The North Queensland Bulk Ports Corporation received permission to dump dredge spoil in the Great Barrier Reef. The Australian government passed the proposal as part of the plan to expand the coral port at Abbott Park. Dumping mud and rock into the water at the Great Barrier Marine Park has sparked controversy, however.
The proposal is to dump 100 million cubic feet of dredged sand into the Great Barrier Reef Park. Greg Hunt, Federal Environment Minister, gave the project his approval in December 2013. The approval was given along with strict safeguards to protect the marine park.
Coal is one of Australia’s biggest exports and it is in demand in China and other Asian countries. A larger port could boost the town’s economy. Supporters of the plan point out that the expansion of the port could bring in as much as $28 billion related to coal exportation, an increase over more than 70 percent. The expanded port is expected to create a host of new jobs.
The project will be funded by Hancock Coal and two Indian companies, Adani Group and GVK. They plan to build three new terminals at the port. Expanding the port requires mud and rock to be dredged up from the seafloor.
One of the stipulations of the approval for dumping the mud and rock into the Great Reef Barrier Park is that it has to be dumped onto sandy seafloor over 15 feet from the shore. It may not be dumped onto coral reef or sea grass beads, according to marine park authority Chairman, Dr Russell Reichelt. All materials being dumped will be tested and must meet National Assessment Guidelines for Dredging.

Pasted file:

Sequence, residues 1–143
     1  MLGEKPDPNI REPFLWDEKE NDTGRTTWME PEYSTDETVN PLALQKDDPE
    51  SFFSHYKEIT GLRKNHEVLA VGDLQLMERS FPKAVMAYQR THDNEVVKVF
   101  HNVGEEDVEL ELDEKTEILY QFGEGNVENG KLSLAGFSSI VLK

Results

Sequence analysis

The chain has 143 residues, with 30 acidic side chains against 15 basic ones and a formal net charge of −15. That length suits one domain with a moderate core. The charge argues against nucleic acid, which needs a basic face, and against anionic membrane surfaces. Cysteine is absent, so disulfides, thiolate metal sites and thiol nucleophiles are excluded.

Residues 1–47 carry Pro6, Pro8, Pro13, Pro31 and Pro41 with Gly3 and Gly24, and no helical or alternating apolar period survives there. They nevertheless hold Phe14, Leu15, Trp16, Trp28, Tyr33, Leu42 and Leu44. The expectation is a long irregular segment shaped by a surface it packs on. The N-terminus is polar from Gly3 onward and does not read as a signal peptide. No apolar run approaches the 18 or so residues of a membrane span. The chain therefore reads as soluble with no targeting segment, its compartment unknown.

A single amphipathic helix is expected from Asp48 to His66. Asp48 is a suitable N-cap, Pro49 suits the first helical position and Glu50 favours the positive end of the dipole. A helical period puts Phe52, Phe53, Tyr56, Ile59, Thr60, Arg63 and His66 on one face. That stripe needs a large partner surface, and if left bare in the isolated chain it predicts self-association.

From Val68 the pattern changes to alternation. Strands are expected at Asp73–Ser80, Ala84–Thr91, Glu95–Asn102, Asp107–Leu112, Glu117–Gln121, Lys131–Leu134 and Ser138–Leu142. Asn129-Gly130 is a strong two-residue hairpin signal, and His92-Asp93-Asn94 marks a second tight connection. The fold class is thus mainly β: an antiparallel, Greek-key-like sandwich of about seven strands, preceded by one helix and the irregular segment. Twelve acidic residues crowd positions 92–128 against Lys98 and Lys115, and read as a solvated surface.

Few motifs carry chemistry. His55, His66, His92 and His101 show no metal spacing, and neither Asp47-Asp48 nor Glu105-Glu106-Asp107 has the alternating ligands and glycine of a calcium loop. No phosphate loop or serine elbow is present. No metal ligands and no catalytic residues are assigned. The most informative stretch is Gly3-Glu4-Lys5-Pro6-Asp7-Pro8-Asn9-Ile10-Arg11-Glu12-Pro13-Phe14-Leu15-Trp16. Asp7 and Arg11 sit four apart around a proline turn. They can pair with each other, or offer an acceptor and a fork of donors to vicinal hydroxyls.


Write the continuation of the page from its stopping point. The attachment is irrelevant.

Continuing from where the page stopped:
The controversial proposal is opposed by Greenpeace and other environmental groups. Even though authorities state that the spoil will be dumped only on sandy areas, the water is capable of carrying the sediment away and spreading it into inhabited water. Their concern surrounds the coral, fish, jellyfish, sharks and whales that inhabit the 345,000 square kilometers of the Great Barrier Marine Park.
In addition to the drifting sediment that poses a choking hazard for the coral and it could endanger the fish and other animal life in the sea, the added number of ships in the area will also pose a threat.
Furthermore, the park was designated as a World Heritage Site in 1981 by the United Nations Educational, Scientific, and Cultural Organization (UNESCO.) Greenpeace is concerned about the ability for the park to maintain that status once the dumping takes place. They fear that following through on dumping dredged soil into the water will result in the organization putting the park on the danger list by the end of the year.
Compromising the marine park poses concerns for locals who depend on tourism as well. The Great Barrier Reef brings in $6.4 billion a year for Australia. If the reef was added to the endangered list it would diminish the area’s reputation as a natural wonderland and result in a decline in the number of visitors.
The dumping proposal passed with the caveat that a total of 47 restrictions are closely adhered to. Any drudge dumped into the Great Barrier Reef Park will be held to these standards to minimize the effects to the ecosystem.
By Tracy Rose